5-year ban on alcohol for new N.S. drivers resurrected
Government considers 'faint hope clause' to replace lifetime driving bans
New drivers must abstain from drinking for longer now that the Nova Scotia government is enacting a provision in the Motor Vehicle Act passed seven years ago, but never put into force.
The section will force learners to drive alcohol-free for five years, up from two.
“Over the course of a young driver's learning and tutelage.. I think it's very reasonable that we have a zero tolerance for alcohol for at least until they get five years of experience behind the wheel. So I think it's a pretty reasonable thing that Nova Scotians can understand,” said Transportation Minister Geoff MacLellan.
Longtime anti-drinking and driving activist and Liberal backbencher Margaret Miller pushed for the change.
The former head of Mothers Against Drunk Driving says there are also plans to cut reformed convicted drunk drivers some slack.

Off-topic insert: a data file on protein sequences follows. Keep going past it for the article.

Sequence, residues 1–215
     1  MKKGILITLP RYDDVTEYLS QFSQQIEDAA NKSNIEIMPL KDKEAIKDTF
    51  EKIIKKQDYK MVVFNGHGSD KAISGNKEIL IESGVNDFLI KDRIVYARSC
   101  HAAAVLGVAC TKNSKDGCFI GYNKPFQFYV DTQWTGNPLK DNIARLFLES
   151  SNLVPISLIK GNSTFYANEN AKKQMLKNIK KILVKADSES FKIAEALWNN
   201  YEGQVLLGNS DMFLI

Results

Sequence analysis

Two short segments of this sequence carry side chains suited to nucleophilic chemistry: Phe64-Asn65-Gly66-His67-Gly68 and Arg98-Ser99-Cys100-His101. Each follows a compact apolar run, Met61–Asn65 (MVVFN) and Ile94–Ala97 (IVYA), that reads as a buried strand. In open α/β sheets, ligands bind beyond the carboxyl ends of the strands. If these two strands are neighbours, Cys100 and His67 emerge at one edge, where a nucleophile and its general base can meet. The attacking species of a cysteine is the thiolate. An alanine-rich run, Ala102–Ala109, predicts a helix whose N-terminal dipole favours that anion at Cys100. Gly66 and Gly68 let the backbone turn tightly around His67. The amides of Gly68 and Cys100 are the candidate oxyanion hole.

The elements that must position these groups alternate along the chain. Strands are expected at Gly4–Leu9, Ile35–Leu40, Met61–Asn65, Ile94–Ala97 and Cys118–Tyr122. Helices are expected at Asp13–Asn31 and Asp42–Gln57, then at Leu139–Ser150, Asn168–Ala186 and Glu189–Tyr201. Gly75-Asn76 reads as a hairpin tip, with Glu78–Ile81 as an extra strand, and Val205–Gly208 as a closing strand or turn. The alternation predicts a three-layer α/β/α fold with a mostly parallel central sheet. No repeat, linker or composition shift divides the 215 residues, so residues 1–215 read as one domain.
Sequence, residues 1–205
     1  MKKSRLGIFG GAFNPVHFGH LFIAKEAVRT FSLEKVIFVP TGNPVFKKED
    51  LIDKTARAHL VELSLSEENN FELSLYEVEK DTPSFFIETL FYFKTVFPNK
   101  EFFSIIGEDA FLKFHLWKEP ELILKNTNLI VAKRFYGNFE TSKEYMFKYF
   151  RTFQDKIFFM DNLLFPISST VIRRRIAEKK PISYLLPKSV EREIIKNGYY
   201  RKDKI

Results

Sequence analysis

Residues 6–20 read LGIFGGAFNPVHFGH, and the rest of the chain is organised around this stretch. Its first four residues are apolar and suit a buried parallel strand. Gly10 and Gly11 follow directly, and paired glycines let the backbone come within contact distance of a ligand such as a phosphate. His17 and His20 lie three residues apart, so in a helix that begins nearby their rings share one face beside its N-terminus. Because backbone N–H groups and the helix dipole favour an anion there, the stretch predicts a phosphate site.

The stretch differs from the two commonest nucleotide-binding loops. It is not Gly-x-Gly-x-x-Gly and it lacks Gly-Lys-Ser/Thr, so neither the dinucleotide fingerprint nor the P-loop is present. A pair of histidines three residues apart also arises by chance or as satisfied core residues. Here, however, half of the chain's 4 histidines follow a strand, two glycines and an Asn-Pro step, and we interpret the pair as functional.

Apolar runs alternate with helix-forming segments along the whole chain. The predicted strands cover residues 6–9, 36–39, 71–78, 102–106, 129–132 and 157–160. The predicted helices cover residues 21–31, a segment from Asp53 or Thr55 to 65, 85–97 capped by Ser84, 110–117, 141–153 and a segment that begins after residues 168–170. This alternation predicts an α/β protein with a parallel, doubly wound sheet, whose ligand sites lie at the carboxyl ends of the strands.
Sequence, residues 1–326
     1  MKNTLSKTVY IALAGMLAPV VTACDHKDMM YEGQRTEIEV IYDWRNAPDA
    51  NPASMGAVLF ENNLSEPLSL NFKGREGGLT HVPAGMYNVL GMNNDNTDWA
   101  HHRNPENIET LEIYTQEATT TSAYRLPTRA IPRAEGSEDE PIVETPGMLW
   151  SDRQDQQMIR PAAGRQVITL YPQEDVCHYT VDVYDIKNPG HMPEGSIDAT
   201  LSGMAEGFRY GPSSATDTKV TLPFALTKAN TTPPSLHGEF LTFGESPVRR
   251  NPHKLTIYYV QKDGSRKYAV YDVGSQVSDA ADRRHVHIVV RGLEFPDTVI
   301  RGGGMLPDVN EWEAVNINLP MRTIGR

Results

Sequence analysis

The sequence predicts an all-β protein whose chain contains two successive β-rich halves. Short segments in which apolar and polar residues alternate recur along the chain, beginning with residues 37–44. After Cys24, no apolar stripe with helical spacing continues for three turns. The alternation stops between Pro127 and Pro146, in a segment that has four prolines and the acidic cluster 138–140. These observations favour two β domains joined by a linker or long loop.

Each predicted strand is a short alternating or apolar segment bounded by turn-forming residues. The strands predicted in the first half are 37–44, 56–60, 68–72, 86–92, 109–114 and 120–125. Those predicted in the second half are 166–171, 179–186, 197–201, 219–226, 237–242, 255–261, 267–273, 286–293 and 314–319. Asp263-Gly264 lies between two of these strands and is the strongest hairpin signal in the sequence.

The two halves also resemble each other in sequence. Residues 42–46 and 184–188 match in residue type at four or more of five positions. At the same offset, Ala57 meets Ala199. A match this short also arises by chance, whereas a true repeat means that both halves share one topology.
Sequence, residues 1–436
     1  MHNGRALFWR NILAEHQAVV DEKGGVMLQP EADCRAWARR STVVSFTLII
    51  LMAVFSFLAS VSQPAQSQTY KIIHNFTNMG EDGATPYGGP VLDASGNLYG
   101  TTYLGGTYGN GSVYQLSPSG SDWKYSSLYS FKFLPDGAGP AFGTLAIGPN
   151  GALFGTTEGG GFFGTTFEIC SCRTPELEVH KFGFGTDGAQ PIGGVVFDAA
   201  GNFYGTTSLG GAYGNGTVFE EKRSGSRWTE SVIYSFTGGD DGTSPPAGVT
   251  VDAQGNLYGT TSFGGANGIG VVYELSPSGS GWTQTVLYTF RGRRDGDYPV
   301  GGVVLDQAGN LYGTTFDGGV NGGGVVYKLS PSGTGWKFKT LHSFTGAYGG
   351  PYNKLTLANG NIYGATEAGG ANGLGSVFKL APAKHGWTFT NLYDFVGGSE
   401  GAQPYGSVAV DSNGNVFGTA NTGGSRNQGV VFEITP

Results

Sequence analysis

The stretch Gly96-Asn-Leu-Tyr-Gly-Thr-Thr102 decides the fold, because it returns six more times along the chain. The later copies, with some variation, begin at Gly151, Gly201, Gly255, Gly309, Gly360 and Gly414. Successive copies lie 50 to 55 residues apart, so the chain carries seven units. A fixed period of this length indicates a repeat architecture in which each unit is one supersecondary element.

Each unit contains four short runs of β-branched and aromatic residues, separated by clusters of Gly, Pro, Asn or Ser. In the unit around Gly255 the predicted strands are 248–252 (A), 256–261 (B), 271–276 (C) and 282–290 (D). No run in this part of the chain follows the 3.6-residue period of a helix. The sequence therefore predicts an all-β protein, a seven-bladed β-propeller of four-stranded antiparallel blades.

“We have numerous people in this province who have gotten lifetime drinking bans from incidents when they were young and stupid and thoughtless and have turned their lives around and yet still have this lifelong ban. So I think one of the things we're going to be working [on] is a faint hope clause," she said.
The provision would allow offenders to drive, as long as they have an alcohol ignition interlock in their vehicle.
Miller says experience shows that people with lifetime driving bans will break the law if there is no reasonable hope to have those bans lifted.
Drivers who blow above the legal limit of 0.08 face charges under the Criminal Code of Canada.